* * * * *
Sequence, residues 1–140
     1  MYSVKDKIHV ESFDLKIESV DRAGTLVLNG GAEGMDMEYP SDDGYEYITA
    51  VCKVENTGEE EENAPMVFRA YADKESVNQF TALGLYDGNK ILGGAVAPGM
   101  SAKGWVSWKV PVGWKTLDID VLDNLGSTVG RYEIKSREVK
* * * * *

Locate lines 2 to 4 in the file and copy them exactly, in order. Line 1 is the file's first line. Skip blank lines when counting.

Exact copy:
     1  MYSVKDKIHV ESFDLKIESV DRAGTLVLNG GAEGMDMEYP SDDGYEYITA
    51  VCKVENTGEE EENAPMVFRA YADKESVNQF TALGLYDGNK ILGGAVAPGM
   101  SAKGWVSWKV PVGWKTLDID VLDNLGSTVG RYEIKSREVK